20 Year Anniversary limited edition tin
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Scotland Yard is searching for Mister X. Will his pursuers catch him in the London fog? How will Mister X try to escape? Will the detectives find him in time? If they work together, they have a chance. Mister X will try to escape by bus, underground, and taxi. One player is Mister X, the others are the detectives. Mr. X moves secretly, but leaves a clue on each turn. With clever teamwork, the detectives can surround and trap Mr. X in time. But if Mr. X can slip away, he escapes and wins the game!
By reading the reviews it's obvious that the people who hate it just don't know how to play it. That being said it certainly won't be everybody's cup of tea, involving very little luck and a great deal of careful thought. Stabbing around in the dark is only attempted if you have no idea what you're doing. The game involves trying to deduce Mister X's possible moves from the moves he's had and the moves remaining corresponding to his last known position on the board and then moving the detectives to try to intercept him or narrow down his avenues of escape.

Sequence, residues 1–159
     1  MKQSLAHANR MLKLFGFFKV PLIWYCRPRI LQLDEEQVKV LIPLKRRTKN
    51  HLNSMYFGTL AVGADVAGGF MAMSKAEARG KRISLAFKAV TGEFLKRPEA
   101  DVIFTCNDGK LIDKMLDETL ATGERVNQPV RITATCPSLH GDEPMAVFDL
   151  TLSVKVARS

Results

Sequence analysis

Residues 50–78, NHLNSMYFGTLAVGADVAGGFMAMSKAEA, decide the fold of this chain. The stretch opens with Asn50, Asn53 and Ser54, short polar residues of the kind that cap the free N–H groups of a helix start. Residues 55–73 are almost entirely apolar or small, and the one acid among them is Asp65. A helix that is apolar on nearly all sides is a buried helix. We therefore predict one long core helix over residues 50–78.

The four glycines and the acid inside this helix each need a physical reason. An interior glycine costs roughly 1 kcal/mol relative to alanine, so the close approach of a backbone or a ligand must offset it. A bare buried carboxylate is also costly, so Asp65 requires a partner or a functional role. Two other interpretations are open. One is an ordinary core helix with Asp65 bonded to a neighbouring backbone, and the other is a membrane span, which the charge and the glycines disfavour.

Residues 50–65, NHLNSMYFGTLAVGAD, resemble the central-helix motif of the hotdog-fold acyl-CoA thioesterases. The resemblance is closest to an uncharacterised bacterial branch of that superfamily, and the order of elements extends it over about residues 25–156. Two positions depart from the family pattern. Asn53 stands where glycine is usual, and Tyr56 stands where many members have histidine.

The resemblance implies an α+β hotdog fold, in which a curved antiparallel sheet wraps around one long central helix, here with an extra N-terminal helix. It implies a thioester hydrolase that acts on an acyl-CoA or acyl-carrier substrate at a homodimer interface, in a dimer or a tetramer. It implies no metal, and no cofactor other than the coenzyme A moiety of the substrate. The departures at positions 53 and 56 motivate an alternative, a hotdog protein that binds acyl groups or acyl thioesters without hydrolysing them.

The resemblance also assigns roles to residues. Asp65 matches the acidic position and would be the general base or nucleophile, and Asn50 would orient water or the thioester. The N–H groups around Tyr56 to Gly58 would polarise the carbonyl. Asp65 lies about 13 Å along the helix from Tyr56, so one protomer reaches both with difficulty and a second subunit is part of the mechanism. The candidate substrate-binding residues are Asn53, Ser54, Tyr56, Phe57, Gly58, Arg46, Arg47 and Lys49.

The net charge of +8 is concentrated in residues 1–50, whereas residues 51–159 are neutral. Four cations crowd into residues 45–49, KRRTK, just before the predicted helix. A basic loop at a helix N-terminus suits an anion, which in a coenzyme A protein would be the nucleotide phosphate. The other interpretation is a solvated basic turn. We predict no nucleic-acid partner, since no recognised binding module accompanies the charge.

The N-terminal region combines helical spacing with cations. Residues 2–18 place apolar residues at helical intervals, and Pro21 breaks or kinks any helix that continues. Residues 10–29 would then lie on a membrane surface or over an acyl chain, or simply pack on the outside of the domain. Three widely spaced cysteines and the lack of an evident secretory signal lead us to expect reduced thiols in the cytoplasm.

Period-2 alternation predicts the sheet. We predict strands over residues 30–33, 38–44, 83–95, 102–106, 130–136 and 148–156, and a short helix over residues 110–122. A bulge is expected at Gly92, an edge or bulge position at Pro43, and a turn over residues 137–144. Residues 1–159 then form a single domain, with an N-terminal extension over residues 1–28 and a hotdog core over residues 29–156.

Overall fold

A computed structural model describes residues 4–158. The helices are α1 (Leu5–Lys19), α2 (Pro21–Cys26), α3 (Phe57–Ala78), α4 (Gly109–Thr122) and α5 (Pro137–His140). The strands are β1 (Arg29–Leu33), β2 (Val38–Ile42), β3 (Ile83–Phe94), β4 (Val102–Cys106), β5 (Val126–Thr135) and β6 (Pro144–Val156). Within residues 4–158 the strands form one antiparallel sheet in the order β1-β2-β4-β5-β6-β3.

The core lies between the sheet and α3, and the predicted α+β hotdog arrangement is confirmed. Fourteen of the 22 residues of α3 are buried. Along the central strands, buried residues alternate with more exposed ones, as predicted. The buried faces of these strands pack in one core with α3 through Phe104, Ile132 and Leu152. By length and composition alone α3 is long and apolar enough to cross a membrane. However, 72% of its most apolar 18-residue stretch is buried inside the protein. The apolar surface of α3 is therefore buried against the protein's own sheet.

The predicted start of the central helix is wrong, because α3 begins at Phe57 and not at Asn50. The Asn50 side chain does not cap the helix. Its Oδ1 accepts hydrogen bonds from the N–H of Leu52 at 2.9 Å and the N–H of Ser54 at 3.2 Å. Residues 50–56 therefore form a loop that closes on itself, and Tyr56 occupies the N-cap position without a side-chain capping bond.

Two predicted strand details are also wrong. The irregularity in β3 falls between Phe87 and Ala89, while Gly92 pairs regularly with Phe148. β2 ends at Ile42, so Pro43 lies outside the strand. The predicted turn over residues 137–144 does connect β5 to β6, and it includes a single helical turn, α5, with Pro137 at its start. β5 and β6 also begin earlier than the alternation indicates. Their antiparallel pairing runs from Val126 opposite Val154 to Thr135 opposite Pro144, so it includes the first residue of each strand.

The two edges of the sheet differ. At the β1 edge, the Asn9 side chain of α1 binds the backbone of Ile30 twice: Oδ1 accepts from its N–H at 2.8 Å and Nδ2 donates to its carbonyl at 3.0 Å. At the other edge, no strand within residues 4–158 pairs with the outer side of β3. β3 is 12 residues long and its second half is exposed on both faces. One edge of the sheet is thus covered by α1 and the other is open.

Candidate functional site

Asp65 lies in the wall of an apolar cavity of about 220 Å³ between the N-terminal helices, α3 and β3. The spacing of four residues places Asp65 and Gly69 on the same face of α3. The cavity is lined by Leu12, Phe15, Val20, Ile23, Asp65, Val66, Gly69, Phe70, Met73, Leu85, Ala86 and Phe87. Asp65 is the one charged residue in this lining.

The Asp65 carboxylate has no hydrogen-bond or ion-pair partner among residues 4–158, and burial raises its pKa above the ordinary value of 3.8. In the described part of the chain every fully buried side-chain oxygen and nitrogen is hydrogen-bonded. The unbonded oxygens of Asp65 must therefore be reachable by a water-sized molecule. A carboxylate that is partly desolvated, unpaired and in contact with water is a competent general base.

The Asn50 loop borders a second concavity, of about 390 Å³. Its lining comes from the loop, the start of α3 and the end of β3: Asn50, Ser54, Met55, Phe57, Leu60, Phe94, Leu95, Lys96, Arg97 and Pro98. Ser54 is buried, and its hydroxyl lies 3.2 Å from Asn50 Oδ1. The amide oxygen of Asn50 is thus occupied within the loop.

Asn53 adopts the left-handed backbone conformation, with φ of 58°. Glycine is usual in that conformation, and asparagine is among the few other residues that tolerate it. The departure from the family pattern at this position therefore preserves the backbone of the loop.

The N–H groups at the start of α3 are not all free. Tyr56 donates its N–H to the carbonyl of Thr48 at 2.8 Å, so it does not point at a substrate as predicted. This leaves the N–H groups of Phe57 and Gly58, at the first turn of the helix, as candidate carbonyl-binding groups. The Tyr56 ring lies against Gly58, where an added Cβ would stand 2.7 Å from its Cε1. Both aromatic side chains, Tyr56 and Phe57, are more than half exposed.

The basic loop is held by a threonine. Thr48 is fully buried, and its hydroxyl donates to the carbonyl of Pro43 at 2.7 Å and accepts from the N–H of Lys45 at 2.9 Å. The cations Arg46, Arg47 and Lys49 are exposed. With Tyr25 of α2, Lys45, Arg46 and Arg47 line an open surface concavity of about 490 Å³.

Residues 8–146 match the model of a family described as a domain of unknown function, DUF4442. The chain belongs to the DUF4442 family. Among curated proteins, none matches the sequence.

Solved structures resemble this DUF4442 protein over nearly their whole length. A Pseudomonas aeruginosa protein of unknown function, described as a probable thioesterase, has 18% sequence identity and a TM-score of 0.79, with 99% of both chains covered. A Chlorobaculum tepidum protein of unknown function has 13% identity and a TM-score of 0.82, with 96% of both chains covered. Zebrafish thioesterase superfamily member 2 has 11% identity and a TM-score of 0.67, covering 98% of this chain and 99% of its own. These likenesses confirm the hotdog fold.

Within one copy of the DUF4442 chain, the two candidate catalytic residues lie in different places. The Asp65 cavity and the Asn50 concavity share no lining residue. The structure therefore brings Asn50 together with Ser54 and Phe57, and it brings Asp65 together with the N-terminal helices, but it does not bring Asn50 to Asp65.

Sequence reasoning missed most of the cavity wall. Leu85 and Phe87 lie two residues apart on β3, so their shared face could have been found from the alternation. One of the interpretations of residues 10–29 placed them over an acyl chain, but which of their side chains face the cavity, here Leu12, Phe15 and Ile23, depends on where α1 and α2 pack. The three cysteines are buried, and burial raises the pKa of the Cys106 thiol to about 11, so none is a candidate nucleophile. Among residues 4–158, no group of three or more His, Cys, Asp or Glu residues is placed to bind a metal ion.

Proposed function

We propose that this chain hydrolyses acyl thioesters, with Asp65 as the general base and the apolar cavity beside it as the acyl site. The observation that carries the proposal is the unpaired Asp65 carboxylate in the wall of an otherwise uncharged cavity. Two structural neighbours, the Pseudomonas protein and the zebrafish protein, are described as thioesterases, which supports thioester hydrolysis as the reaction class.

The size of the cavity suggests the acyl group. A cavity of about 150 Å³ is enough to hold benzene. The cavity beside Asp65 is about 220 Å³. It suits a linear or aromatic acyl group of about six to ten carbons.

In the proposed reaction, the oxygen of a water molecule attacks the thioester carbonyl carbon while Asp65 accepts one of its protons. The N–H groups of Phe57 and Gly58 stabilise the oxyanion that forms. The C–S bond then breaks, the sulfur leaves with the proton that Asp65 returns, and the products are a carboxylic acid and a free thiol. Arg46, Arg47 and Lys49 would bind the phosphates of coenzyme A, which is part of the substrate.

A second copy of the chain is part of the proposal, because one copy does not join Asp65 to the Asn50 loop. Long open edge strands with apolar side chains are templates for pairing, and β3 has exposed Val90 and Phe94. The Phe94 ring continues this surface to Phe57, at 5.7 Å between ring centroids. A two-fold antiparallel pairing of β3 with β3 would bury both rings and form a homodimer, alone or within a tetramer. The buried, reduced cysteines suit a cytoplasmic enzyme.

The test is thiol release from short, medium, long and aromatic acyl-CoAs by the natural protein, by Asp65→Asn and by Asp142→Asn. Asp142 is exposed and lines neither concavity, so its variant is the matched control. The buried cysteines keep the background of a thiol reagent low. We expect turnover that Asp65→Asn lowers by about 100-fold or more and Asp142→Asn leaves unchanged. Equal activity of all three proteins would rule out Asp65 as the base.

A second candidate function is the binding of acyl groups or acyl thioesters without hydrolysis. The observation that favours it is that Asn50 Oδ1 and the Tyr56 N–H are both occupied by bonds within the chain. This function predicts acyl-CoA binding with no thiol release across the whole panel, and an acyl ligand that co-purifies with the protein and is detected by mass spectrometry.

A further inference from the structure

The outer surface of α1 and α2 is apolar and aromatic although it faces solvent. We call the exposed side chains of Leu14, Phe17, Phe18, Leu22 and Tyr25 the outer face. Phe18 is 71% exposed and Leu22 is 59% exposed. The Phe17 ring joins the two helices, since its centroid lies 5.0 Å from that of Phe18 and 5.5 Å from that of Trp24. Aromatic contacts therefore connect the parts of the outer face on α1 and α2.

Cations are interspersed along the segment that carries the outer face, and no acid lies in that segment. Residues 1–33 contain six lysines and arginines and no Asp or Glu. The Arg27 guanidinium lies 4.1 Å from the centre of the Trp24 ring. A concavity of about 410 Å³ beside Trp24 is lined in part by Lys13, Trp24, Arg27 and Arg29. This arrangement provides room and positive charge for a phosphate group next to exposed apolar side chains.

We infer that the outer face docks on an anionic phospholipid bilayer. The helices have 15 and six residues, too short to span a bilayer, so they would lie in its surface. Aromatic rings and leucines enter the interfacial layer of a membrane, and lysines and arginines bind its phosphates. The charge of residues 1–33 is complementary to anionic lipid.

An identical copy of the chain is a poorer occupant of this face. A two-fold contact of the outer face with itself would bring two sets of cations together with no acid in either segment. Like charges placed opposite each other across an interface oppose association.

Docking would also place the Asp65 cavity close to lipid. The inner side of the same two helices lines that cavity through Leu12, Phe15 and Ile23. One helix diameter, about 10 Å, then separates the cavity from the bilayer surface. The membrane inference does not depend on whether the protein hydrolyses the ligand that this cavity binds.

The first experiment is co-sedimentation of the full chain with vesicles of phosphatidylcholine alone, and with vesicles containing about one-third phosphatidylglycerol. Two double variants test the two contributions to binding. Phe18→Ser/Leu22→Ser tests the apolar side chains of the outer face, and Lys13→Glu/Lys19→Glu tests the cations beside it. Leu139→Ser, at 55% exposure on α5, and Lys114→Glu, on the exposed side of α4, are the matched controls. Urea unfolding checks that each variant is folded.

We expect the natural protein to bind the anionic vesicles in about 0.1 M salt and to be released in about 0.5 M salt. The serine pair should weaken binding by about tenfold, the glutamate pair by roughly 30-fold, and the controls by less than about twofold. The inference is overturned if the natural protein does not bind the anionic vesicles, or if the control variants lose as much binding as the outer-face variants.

Admittedly it's usually more fun being Mister X but played as a team game being a detective can be very rewarding. Usually doesn't take too long to play and in my experience Mister X has evaded capture fewer times than he is caught, lots of fun.
This game is awesome! Find Mr. X. Really. Try. When you can't catch him, don't get mad. You can play X next time. :) A fun game that needs a digital counterpart. I thought it was best just one on one. I'd take 3 - 5 detectives and try to find my friend. Fun, fun, fun. Make this digital for internet play and redefine the genre.
OOOH! I love this game! It is so much fun. Go buy it! Its not too long, and not to short. Its tons of fun for the whole family. Everyone will enjoy it. It can be fun, nerve racking, thought provoking, laughable, just fun fun fun. Have a good time with this game